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An Analysis of Bitcoin’s Use in Illicit Finance

Crypto for Innovation | Michael Morell | Apr 6, 2021

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Today, the rapid adoption of blockchain technologies, and the cryptocurrencies they support, are on their way to revolutionizing global financial and payment systems. And, as expected, we are beginning to see a balancing between innovators and regulators, with prominent voices weighing in— some touting cryptocurrency as the future of finance and others raising concerns about the illicit finance implications of the cryptocurrency ecosystem.

Having devoted my career to protecting and advancing the national security interests of the United States, I recognize the importance of ensuring that technological advancements related to critical industries are accompanied by smart, informed, and timely adjustments to regulatory frameworks, policies, and laws. Those who safeguard our nation simply must have the right tools to do their jobs. Period.

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It is against this backdrop that I, and two of my colleagues from Beacon Global Strategies, conducted an analysis regarding the degree of illicit activity associated with cryptocurrencies in general and Bitcoin in particular. The project was sponsored by a group of leading cryptocurrency innovators and investors. The terms of the engagement were that I would “call it as I see it,” with objectivity and transparency, just as I had done throughout my career as an intelligence analyst. I am hopeful that this analysis will help advance a healthy and fact-based dialogue as policymakers determine how to best ensure that these financial innovations serve the national interest.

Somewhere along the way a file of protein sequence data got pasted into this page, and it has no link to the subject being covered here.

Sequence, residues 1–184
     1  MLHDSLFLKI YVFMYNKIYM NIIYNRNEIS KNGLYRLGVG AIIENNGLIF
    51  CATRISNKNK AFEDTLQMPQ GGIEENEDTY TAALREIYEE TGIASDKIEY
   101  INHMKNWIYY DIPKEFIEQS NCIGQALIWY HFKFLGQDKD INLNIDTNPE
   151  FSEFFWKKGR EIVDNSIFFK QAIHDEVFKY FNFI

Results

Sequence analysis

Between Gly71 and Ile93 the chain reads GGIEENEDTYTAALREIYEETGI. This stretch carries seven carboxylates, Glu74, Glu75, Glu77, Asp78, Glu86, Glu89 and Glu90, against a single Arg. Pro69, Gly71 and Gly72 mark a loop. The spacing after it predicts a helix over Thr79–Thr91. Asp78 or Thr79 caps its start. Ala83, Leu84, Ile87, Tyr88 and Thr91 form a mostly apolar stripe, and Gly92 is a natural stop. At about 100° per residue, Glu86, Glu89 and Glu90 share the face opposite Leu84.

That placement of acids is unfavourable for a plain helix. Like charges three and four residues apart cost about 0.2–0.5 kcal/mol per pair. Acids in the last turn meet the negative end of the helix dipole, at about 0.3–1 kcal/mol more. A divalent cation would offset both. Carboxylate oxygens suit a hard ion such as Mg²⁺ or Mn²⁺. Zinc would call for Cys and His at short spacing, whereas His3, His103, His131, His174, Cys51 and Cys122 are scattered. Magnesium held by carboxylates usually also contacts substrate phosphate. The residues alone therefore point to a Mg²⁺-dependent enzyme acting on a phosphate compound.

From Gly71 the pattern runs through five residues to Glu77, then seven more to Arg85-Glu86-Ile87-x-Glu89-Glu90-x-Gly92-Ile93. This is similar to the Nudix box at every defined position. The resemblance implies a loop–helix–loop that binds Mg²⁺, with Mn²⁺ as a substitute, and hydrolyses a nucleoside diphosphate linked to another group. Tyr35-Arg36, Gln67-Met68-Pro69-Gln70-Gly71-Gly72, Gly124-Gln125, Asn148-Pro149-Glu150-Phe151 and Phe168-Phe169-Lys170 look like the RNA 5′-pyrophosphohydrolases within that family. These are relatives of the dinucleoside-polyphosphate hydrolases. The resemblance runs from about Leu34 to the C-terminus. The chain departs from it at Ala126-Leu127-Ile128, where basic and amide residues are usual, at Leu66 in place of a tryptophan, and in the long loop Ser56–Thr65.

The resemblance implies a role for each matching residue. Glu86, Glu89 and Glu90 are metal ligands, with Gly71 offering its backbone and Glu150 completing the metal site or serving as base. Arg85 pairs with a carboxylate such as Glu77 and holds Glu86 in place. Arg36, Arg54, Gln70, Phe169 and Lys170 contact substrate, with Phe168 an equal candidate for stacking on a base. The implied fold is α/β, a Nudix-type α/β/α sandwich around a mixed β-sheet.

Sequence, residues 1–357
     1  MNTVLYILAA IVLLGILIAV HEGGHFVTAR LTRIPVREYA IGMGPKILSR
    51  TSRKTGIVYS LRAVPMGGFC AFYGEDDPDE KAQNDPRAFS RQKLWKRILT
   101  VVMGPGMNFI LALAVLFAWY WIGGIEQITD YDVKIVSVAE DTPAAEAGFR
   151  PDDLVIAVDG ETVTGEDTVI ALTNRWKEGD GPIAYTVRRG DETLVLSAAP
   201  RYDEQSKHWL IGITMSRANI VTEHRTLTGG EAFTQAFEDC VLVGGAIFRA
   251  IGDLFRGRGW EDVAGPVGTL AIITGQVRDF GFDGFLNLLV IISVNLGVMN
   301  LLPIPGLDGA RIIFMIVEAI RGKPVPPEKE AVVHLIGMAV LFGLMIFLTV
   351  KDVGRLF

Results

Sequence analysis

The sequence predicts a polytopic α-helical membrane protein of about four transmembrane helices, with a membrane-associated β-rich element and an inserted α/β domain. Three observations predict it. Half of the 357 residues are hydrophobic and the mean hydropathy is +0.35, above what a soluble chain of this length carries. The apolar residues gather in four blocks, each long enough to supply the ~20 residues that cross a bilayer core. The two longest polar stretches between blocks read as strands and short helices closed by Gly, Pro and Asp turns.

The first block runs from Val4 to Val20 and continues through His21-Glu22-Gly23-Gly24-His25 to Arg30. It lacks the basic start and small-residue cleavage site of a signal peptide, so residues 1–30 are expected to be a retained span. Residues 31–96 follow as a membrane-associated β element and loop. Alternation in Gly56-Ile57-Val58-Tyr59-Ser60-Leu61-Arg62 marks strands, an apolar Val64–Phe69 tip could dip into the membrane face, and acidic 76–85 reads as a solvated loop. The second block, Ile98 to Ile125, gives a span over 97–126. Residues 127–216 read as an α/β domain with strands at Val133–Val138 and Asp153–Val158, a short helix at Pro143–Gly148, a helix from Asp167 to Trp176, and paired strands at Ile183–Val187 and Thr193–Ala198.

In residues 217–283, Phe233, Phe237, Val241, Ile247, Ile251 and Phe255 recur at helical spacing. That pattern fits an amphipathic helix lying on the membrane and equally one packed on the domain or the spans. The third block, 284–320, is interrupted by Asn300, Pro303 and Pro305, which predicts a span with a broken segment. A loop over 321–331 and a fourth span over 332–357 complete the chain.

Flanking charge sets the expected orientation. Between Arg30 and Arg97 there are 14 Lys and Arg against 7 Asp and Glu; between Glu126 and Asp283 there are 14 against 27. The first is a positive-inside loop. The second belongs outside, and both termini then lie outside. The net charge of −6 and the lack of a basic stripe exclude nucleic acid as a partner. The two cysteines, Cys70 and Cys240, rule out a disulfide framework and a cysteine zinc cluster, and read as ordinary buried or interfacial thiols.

So far, 2021 has been a year of significant developments and milestones for Bitcoin. Its price surpassed $60,000 for the first time in its history.1 Major corporations, from Tesla to Square to MicroStrategy, are adding it to their balance sheets.2 Large banks are providing Bitcoin-related services, with Morgan Stanley saying it will soon offer access to three Bitcoin funds for its wealth management clients.3 Canada has approved Bitcoin exchange traded funds (ETFs).4 There is grow-ing momentum for Bitcoin’s emerging use as a store of value.

Yet there is a common belief that the Bitcoin market is rife with illicit activity, with many holding this belief pointing to several high-profile incidents. When the illicit Silk Road darknet market (DNM) was shut down in 2013, more than 26,000 Bitcoin were seized by the FBI.5 AlphaBay, formed in 2014 and widely viewed as an heir to Silk Road, was shuttered by international authorities in 2017 after building a customer base of over 400,000, with transactions conducted largely in Bitcoin.6 The 2017 WannaCry ransomware attack that infected more than 200,000 computers worldwide required payment in Bitcoin.7 Bitcoin was even used to help fund some of those involved in the insurrection at Capitol Hill on January 6.

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The conventional wisdom on this issue has been rein-forced by public statements from senior government officials on both sides of the Atlantic who have sug-gested that Bitcoin is used primarily for illicit activities. Eye-catching media reports, like a recent Buzzfeed article titled, “Secret Documents Show How Terrorist Supporters Use Bitcoin – And How the Government is Scrambling to Stop Them,” add weight to such remarks.